LOS ANGELES - Stephen Curry can now add an Oscar statue to his trophy case full of NBA accolades. The Golden State point guard was among the executive producers and top promoters of the film "The Queen of Basketball," which took home the Oscar for the best short subject documentary at the award ceremony in Los Angeles on Sunday.
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Los Angeles Lakers legend Shaquille O’Neal was also one of the executive producers of the 22-minute film, which put a spotlight on the relatively unknown trailblazer and pioneer of women’s basketball, the late Lusia Harris.
"The Queen of Basketball," the documentary about women's basketball trailblazer Lusia Harris won an Oscar on Sunday, March 27, 2022. Stephen Curry was among the executive producers of the film. ("The Queen of Basketball")
As the only Black player on the Delta State University Women’s Basketball team, Harris led her teammates to three consecutive Association for Intercollegiate Athletics for Women National Championships from 1975-77.
Then in 1976, in the Olympic debut of women’s basketball in Montreal, Harris solidified her place in the history books becoming the first woman to score a basket in the games. She then led Team USA to take home a silver medal.
The following year, the New Orleans Jazz drafted the 6'3" center in the seventh round of picks, making her the only woman ever officially drafted by the NBA. She never went on to play for the Jazz or any other men's professional team. She did play for the Houston Angels as part of the Women's Professional Basketball League in 1979-80.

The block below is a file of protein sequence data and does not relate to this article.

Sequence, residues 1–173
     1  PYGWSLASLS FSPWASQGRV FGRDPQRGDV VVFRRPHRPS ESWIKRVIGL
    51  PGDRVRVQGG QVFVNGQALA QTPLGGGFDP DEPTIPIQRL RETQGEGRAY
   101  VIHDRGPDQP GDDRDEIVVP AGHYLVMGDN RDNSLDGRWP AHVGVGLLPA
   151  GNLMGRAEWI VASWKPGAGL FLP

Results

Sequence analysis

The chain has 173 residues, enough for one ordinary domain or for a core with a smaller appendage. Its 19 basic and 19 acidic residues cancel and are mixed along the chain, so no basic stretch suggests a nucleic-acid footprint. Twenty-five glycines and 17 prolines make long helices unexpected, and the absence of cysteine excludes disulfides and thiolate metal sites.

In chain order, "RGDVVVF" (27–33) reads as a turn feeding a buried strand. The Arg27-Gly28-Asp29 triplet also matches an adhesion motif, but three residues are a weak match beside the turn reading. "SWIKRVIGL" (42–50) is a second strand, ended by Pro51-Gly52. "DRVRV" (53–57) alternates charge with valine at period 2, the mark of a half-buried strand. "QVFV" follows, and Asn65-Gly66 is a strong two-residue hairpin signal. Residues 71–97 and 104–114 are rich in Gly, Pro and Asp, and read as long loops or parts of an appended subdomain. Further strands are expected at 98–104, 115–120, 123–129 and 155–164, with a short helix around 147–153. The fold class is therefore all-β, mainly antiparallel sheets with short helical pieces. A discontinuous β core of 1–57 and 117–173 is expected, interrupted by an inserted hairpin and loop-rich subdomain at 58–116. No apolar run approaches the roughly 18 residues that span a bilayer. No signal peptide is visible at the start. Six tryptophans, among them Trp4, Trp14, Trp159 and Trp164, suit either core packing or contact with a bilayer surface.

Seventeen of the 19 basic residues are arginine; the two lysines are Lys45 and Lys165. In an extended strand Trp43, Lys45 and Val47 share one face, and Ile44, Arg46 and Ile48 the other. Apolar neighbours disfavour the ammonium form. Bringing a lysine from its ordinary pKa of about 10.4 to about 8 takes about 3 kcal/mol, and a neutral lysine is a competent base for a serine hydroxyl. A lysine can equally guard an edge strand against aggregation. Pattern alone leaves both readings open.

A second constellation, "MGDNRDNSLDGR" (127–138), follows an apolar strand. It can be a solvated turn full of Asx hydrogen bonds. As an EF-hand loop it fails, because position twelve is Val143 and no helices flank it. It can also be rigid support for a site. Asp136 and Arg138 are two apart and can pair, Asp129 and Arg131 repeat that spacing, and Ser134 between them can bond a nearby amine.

Harris, who was inducted into the Naismith Memorial Basketball Hall of Fame in 1992, has been a name unfamiliar to many.
Even O’Neal admitted he did not know her story before getting involved in the film and its promotion.
Earlier this month, Curry was seen wearing a sweatshirt and shoes emblazoned with the phrase "Queen Lucy" on them, as he paid tribute to Harris and the strides she made for women's basketball.
He also expressed his excitement for the film and the efforts to make her story known. "Honored to support this AMAZING project and Lucy's incredible story w/ you and #UnanimousMedia. She's the hero we deserve...The QUEEN of Basketball!!" he shared on Twitter earlier this month.
The documentary was directed by Canadian filmmaker Ben Proudfoot, and his win came as Women’s History Month neared its close.
"If there is anyone out there that still doubts whether there’s an audience for female athletes and questions whether their stories are valuable or entertaining or important … let this Academy Award be the answer," Proudfoot said as he accepted the Oscar.
The win also came roughly two months after Lusia Harris's death at age 66. Her family was at Sunday’s award ceremony.
O'Neal paid tribute to the queen of basketball and her remarkable Oscar-winning story saying, "Wish Lucy would have been here for this victory, but I’m sure she’s celebrating in heaven."
The Associated Press contributed to this story, which was reported from Oakland, Calif.